It's official: Orbital ATK (NYSE: OA) is its own company now.

Photo: Orbital ATK.

The company, formed by the merger of twin space-tech titans, marries Orbital Sciences' expertise in building rockets and satellites with Alliant Techsystems' specialization in rocket boosters, and promises to create a worthy rival to aerospace giants such as Boeing, Lockheed Martin, and SpaceX. Unfortunately, some financial data providers are still figuring out the numbers on the merged company, days after the merger closed. That's not uncommon in the immediate wake of an IPO, merger, or spinoff -- but it can be frustrating for an investor wanting to know whether to buy today. But never fear, dear investor. We've got you covered.

With a little help from S&P Capital IQ, we've collected some data and crunched some numbers to develop an accurate idea of what the new Orbital ATK might be worth. Here are the key stats as of Dec. 28, 2014, which appears to be third-quarter 2014 on Orbital ATK's new fiscal calendar:

Orbital ATK

Market capitalization

$3.65 billion

Long-term debt

$1.9 billion

Pension and other retirement obligations

$532 million

Cash and equivalents

$113 million

Last 12 Months' Revenue

$5.14 billion

Last 12 Months' Earnings

$322 million

Last 12 Months' Free cash flow

$162 million

As for what this means for valuation, Orbital ATK now sells for:

  • 0.7 times annual sales,
  • 11.3 times earnings,
  • or 22.5 times free cash flow...

...depending on your favorite flavor of stock valuation. Thus, both the price-to-sales and P/E ratios on the new company look pretty attractive -- but the price-to-free cash flow ratio a bit less so. Meanwhile, for investors partial to enterprise value-to-free cash flow (as I am), the stock's heavy debt load and weak cash production result in an EV/FCF ratio of roughly 31 -- which seems pretty high.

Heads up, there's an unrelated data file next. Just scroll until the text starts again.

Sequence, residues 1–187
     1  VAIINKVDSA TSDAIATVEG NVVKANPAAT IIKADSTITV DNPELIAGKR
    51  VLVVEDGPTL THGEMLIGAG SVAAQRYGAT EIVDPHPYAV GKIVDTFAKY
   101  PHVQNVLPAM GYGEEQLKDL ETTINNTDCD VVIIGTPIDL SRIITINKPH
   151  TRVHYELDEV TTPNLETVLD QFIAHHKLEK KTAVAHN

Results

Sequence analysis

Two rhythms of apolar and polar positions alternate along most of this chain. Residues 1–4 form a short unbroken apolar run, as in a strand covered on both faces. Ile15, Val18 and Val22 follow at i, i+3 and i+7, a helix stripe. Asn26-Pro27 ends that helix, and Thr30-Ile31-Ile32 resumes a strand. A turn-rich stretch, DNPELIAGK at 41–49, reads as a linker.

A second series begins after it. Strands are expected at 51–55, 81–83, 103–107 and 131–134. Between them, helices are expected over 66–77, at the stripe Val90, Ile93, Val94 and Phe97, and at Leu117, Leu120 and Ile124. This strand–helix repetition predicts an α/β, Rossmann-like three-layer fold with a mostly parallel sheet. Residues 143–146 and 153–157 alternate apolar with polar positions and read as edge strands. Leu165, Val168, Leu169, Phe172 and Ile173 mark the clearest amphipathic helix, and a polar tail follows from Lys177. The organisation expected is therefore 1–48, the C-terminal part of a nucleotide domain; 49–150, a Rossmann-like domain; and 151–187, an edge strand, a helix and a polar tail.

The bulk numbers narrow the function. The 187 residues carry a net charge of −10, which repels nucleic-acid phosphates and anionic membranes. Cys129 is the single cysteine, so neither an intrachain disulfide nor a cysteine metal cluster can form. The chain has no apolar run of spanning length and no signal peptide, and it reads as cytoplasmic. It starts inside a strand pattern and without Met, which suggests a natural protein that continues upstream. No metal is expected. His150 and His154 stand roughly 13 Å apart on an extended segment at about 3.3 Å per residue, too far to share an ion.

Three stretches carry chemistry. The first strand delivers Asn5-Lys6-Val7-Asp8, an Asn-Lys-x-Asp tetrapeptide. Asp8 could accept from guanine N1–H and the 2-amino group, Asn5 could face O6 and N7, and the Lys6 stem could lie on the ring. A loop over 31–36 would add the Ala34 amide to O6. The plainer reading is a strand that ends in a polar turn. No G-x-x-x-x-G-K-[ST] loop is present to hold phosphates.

Furthermore, when you consider S&P Capital IQ clocks the company at just 4% annualized earnings growth over the next five years, paying 31 times annual free cash flow seems an exercise in optimism.

Should you be optimistic?
Will that optimism be justified? Looking back over the past five years of Orbital's results, it seems the average rate of cash profit production was about $330 million -- not too far off from where Orbital ATK stands today. Capital spending, meanwhile, has averaged closer to $128 million annually -- a bit below today's spending level.

A generous interpretation of the numbers, therefore, suggests the newly merged Orbital ATK is capable of generating $200 million in annual free cash flow over time. Taking the stock's 2.1% dividend yield into consideration, I'd say shares are therefore appropriately valued if Orbital ATK can grow profit by about 16% annually. S&P doesn't seem to think Orbital can do that. Yahoo! Finance (where, keep in mind, the data is still being updated) is more optimistic, showing Orbital pegged for 13.5% long-term earnings growth by the analysts that it surveys.

Long story short? Whether the stock in the new Orbital ATK is undervalued, overvalued, or fairly valued depends on which numbers you look at, and how you look at them. But the way I look at the numbers, Orbital ATK stock is not sufficiently cheap to be worth buying today.